Some welcome news: a narrow defeat for Chávez, a giant victory for the people of Venezuela.
CARACAS, Venezuela, Monday, Dec. 3 — Voters in this country narrowly defeated a proposed overhaul to the constitution in a contentious referendum over granting President Hugo Chávez sweeping new powers, the Election Commission announced early Monday.
It was the first major electoral defeat in the nine years of his presidency. Voters rejected the 69 proposed amendments 51 to 49 percent.
The political opposition erupted into celebration, shooting fireworks into the air and honking car horns, when electoral officials announced the results at 1:20 a.m. The nation had remained on edge since polls closed Sunday afternoon and the wait for results began.
The outcome is a stunning development in a country where Mr. Chávez and his supporters control nearly all of the levers of power. Almost immediately after the results were broadcast on state television, Mr. Chávez conceded defeat, describing the results as a “photo finish.”
Some inevitable, but nonetheless deeply tragic news: Putin's party "wins" landslide "victory" in Russian "elections."
MOSCOW, Dec. 2 —With President Vladimir V. Putin’s opponents persistently hobbled by the Kremlin, his party swept Sunday to the kind of landslide long predicted for the parliamentary elections. Yet the results, while a triumph for Mr. Putin, also usher in a new era of political instability for Russia.
Even as Mr. Putin has been accumulating power and popularity, he has been stirring deep uncertainty about his intentions, making it all but impossible to answer a fundamental question about Russia’s future: Come next spring, who will be in charge?
Yielding to the constitutional limit of two consecutive terms, Mr. Putin has said he will not be a candidate for president in March. But he has declared that he will retain significant influence, whether as prime minister, leader of his party, United Russia, or a vague role described here as “father of the nation.”
UPDATE: Also, this.
Putin’s Last Realm to Conquer: Russian Culture
By MICHAEL KIMMELMAN
MOSCOW — The fight is long over here for authority over the security services, the oil business, mass media and pretty much all the levers of government. Vladimir Putin’s Kremlin, notwithstanding some recent anti-government protests, has won those wars, hands down, and promises to consolidate its position in parliamentary elections. But now there is concern that the Kremlin is setting its sights on Russian culture.
Just a few weeks ago, the Russian culture minister censored a state-sponsored show of Russian contemporary art in Paris. Criminal charges have been pressed during the last couple of years against at least half a dozen cultural nonconformists. A gallery owner, a rabble-rouser specializing in art that tweaks the increasingly powerful Orthodox Church and also the Kremlin, was severely beaten by thugs last year. Authorities haven’t charged anyone.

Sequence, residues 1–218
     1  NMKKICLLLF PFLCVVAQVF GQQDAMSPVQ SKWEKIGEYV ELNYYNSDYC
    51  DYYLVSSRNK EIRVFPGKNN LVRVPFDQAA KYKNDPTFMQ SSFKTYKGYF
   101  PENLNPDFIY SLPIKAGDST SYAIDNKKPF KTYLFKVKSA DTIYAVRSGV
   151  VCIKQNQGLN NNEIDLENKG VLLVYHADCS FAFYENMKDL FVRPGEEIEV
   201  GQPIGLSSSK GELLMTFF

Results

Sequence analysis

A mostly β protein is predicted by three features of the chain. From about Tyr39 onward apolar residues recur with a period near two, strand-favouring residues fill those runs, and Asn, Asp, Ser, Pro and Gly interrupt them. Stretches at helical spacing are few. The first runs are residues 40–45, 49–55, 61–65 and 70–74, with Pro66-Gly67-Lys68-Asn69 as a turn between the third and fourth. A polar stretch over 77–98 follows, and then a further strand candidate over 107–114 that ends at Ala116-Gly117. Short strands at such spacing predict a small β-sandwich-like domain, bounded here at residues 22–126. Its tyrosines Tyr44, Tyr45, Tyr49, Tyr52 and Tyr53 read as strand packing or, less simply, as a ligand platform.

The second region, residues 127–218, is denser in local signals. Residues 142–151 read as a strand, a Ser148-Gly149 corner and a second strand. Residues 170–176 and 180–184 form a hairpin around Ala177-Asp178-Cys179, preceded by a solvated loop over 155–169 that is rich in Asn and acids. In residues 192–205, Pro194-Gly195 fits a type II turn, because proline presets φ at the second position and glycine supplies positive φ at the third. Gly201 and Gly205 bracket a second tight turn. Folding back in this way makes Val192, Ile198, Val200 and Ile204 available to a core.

At the same time, the Kremlin is courting some big-name cultural figures like Nikita Mikhalkov, the once-pampered enfant terrible filmmaker of Soviet days, today a big promoter of Mr. Putin.
There are signs of a backlash. In late October, a television debate program pitted Viktor Yerofeyev, a prominent Russian author, against Mr. Mikhalkov, who with a few others wrote a fawning letter, supposedly in the name of tens of thousands of artists, asking the president to stay in power beyond the constitutional limit of his term in March. “Have you heard of cult of personality?” Mr. Yerofeyev asked him.
Mr. Mikhalkov fumbled. Mr. Yerofeyev won the program’s call-in vote by a large margin, an event almost unheard of on today’s Kremlin-controlled television.
Mr. Mikhalkov, on the military base outside town, was directing a sequel to his Oscar-winning “Burnt by the Sun” the other day. He was surrounded by actors in Soviet uniforms stomping their feet against the freezing cold in deep trenches dug into a vast, lonely snow-covered field. The sky was leaden gray. Aside from the Putin re-election letter, Mr. Mikhalkov has raised eyebrows lately by filming a pro-Putin election advertisement, and he produced a gushing birthday tribute to the president, which was shown on state-run television. He retreated to a trailer to hash over the debate, which, even as someone who loves attention as much as power, obviously continued to gall him.
“Why are people frightened of patriotism?” he asked. He wanted to differentiate it from xenophobia. “There’s a lot of worrying among the intelligentsia about teaching the basics of Orthodox culture. It’s a hysteria.”
Russia needs authority, he said. “Maybe for the so-called civilized world this sounds like nonsense. But chaos in Russia is a catastrophe for everyone. Even if Putin isn’t always the most democratic, he should nevertheless remain in power because we don’t know that the new president won’t begin by undoing what Putin has done.”
When I mentioned this remark to Alexander Gelman, a high-profile playwright during the perestroika days, he shook his head. “In the Soviet era there was only one party but there were plays and books that supported the idea of democracy, ” he recalled. Despite the different spelling, he is the art dealer’s father, so not exactly unbiased. That said, he made a good point: “The less democracy, the more cultural figures matter. If the tendency against democracy continues, cultural figures will gain more influence.
“It’s a disgrace for Russia that writers would replace political parties,” he added. “But maybe that is what will have to happen.”
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